Photo of Alonzo Highsmith
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Draft Analysis:

  • 6'1" Height
  • 233LBS. Weight


Football fans see Highsmith’s name and assume he’s had an easy road to the SEC because of his father of the same name, who excelled as a running back at Miami before playing seven seasons in the NFL, and is currently a scouting executive with the Green Bay Packers. But he had a rough road on his way to success, which should make him a more respected player among scouts, who could give him late-round grades as reserve and special teams contributor – maybe more, if his past work ethic is any indicator of his future success.

Unlike his brother, A.J., who is a starting safety for their dad’s alma mater, Alonzo wasn’t a highly-recruited prospect coming out of Texas because he was undersized and a bit under the radar after moving from Florida to live with his father before his junior year. Low standardized test scores pushed him to Phoenix College, where he excelled in both seasons there, winning NJCAA Region One co-Defensive Player of the Year (94 tackles, 12 for loss, four sacks). In his first year in Fayetteville, he started all 13 games, leading the team with 12.5 tackles for loss among his 80 tackles.



Presents long arms and thick thighs for the position. Scrapes through trash to the ball, using his hands and general agility to feel his way and hold off oncoming blockers. Hustles to the sideline when needed. Strong and long arms allow him to secure ballcarriers in tight quarters. Flashes closing speed to the quarterback on late blitzes to force a decision. Generally doesn’t overrun plays, can get back a step to get involved on cutbacks. Gives good effort in underneath or flat coverage, works hard to reach the ball to prevent big plays after the catch.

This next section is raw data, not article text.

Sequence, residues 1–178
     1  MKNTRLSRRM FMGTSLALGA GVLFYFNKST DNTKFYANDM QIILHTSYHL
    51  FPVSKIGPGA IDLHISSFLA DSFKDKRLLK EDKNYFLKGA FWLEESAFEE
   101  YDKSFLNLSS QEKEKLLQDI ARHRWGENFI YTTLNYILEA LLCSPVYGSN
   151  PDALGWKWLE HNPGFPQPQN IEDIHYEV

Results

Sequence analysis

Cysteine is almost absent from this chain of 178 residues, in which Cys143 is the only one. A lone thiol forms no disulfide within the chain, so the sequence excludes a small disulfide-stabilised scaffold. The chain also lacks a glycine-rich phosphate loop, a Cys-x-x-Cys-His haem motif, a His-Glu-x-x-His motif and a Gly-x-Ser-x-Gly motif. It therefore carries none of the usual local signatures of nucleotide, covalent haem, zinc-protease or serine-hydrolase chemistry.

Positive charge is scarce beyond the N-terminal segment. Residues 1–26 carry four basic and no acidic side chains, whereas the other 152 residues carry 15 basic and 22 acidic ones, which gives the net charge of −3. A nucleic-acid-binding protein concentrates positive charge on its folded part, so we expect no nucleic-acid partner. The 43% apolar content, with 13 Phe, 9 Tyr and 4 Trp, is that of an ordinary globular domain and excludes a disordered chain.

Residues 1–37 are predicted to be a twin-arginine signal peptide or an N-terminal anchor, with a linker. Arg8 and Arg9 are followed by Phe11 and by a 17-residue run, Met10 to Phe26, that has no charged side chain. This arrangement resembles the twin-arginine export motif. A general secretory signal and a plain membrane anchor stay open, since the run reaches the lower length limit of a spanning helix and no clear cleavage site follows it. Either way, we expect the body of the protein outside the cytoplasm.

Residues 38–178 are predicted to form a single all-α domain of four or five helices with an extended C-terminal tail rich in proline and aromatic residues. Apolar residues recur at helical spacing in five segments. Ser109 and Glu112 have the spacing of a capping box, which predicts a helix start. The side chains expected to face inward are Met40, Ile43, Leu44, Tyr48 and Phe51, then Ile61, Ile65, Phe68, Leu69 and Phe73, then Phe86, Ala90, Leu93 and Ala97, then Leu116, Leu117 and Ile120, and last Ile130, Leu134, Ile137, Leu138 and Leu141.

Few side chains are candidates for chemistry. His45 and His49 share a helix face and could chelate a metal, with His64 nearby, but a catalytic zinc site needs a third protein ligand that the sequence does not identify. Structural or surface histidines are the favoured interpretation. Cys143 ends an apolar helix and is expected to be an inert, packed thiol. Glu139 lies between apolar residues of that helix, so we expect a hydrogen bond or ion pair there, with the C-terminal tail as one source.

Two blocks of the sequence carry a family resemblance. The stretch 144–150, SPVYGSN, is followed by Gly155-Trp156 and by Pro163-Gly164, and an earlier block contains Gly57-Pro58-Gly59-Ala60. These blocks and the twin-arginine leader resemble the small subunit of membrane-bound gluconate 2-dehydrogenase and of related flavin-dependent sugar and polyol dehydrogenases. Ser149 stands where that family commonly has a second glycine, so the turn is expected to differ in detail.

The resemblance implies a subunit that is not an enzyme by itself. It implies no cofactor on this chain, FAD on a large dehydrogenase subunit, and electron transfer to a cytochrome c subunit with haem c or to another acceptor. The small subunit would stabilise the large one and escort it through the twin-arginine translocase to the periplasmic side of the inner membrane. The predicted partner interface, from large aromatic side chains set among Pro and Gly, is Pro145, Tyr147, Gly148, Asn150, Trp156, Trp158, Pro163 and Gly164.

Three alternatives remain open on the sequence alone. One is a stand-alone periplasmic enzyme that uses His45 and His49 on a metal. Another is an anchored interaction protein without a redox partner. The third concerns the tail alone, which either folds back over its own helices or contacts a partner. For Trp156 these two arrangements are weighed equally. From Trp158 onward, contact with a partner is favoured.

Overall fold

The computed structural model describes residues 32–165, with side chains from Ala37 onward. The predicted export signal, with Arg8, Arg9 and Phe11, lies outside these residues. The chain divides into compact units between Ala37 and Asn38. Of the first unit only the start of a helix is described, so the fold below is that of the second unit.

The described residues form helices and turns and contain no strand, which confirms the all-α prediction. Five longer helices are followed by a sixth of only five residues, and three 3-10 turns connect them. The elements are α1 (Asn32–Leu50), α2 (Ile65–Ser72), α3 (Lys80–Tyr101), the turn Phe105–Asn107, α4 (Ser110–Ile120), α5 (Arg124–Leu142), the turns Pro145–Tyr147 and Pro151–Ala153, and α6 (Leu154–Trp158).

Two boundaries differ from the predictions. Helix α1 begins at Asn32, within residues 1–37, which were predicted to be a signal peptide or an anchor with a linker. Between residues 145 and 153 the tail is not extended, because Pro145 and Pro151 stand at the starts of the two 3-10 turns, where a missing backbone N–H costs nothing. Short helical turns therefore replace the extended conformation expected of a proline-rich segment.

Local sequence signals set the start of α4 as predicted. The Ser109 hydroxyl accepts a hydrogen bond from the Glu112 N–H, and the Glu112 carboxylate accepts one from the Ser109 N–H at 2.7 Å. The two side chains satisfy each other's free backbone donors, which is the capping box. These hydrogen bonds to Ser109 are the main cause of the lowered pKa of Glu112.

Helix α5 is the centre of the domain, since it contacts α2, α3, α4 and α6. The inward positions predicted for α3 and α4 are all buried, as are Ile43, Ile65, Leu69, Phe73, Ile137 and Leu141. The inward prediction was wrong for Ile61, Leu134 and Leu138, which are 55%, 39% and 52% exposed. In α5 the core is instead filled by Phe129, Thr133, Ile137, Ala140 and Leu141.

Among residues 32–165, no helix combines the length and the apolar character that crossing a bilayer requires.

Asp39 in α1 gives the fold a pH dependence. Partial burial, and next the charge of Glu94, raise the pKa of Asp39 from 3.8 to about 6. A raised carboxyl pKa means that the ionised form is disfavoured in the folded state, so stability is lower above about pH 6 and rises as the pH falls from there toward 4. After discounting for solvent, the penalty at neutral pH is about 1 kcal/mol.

Possesses average size and overall speed, might be an inside/outside ‘tweener to some teams. Reads his keys but will lose the ball on misdirection/play-action and takes time to recover. Quicker backs stop his feet and elude him in the backfield. Must prove he has the agility to drop deep in a hurry to be a factor in zones, as well as the ability to make the interception when the opportunity arises.

NFL Comparison

Perry Riley

Bottom Line

The son of former NFL running back (and current Green Bay Packers scouting executive) Alonzo Highsmith didn’t have an easy path to SEC success. Lightly recruited coming out of high school and forced to junior college due to academics, he finally got his chance to shine as a junior, starting all 13 games and leading the Razorbacks with 12.5 tackles for loss (80 total stops, 4.5 sacks). Adding that sort of work ethic and production to his genetic make-up makes him a likely contributor on defense and special teams at the next level as a late-round pick.
Grade Title Draft (Round) Description
96-100 Future Hall of Famer Top Pick A once-in-a-generation type prospect who could change how his position is played
85-95 Immediate Starter 1st An impact player with the ability/intangibles to become a Pro Bowl player. Expect to start immediately except in a unique situation (i.e. behind a veteran starter).
70-84 Eventual Starter 2nd-3rd A quality player who will contribute to the team early on and is expected to develop into a starter. A reliable player who brings value to the position.
50-69 Draftable Player 4th-7th A prospect with the ability to make team as a backup/role player. Needs to be a special teams contributor at applicable positions. Players in the high range of this category might have long-term potential.
20-49 Free Agent UDFA A player with solid measurables, intangibles, college achievements, or a developing skill that warrants an opportunity in an NFL camp. In the right situation, he could earn a place on a 53-man roster, but most likely will be a practice squad player or a camp body.